I just returned from an exciting lunch event at MaRS in downtown Toronto (where incidentally, I had what were quite possibly the best cookies I’ve ever had in my life) that I thought might be of interest to HC Link’s clients. The speaker was Geoff Mulgan, Chief Executive from the National Endowment for Science Technology and the Arts (NESTA) in the U.K. Geoff began his talk with a picture of a painting depicting a beautiful  1800s British wooden sailing ship being towed by a less-than-beautiful tugboat to the shore, where it would be destroyed. Innovation, says Geoff, can be painful as we make way for the new.  But innovation can yield exciting results, particularly in frugal times. Two examples of ‘frugal innovation’ that he used were the Aakash (a $60 tablet computer made in India) and www.couchsurfing.org. Then Geoff challenged us to think: what are the public sector equivalents? How can we mobilize the creativity often seen in the private sector and by imaginative entrepreneurs in the fields in which we work?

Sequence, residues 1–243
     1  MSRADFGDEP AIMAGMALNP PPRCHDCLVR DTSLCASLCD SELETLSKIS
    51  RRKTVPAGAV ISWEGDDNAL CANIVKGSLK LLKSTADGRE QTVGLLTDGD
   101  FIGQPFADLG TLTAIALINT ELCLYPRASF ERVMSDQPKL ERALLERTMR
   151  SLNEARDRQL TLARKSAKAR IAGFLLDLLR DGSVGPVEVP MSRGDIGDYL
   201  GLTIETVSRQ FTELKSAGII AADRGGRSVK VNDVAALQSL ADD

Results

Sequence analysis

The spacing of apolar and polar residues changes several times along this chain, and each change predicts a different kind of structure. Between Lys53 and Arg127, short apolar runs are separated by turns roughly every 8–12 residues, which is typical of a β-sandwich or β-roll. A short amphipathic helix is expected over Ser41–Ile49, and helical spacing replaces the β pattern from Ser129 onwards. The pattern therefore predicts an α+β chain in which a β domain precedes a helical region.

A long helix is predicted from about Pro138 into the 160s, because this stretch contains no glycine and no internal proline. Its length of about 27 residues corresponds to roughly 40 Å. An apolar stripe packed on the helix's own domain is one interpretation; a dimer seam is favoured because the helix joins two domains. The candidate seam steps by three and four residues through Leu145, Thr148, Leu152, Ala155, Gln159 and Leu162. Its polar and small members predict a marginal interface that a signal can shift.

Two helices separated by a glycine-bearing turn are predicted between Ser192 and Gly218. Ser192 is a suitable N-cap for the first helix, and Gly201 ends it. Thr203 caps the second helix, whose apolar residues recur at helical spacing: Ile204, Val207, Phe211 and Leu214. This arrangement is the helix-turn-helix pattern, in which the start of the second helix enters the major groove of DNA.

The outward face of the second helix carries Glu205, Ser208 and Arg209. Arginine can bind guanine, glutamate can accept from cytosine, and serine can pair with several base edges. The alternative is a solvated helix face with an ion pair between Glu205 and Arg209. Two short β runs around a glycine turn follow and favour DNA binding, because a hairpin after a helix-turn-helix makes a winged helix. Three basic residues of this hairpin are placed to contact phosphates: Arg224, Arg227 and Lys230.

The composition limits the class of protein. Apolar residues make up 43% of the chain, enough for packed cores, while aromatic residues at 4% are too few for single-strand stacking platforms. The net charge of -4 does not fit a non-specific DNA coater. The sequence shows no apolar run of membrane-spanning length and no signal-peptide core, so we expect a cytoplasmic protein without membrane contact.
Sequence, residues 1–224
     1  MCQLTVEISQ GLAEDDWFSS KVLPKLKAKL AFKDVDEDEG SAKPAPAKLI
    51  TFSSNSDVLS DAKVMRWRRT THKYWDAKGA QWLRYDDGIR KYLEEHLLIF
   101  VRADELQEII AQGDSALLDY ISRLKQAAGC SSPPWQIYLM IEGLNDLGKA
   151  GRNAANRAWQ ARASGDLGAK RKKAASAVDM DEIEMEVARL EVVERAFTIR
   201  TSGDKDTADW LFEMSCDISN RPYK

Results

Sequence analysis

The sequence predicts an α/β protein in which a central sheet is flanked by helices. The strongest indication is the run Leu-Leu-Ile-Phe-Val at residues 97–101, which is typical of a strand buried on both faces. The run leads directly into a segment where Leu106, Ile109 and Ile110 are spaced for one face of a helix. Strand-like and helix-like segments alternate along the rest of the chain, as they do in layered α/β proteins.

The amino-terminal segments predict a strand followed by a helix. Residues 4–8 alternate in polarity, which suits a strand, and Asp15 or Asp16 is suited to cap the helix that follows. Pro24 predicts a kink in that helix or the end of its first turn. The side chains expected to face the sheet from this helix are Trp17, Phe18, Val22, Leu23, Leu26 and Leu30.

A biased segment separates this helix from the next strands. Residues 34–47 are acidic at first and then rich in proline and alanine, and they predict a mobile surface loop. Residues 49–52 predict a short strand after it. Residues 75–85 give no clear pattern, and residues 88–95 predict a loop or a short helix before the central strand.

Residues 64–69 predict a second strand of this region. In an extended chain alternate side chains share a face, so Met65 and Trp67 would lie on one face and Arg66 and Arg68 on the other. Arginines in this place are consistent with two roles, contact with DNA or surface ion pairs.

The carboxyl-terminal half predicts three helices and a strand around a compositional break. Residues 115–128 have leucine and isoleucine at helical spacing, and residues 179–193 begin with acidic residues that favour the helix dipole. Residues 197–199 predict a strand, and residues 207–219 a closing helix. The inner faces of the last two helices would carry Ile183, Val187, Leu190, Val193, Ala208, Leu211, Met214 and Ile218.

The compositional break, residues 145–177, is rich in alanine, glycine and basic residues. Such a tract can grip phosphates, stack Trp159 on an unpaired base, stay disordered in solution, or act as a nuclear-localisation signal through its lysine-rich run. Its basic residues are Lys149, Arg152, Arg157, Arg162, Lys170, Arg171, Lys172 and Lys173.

In the private sector, 10-15% of budgets are devoted to research and development to foster innovation and new ideas. In the sectors that we – in healthy communities and health promotion – work in, we see far less (if any). To illustrate the effect of this, Geoff showed a graph (which I was not able to find on the internet, so use your imagination) that showed a correlation between health care spending and mortality over time. The more you spend, the more people die. Though slightly tongue-in-cheek, Geoff used this example to show what can happen when we use the same old techniques to cope with ever-changing and complex situations withoutUntitled innovating.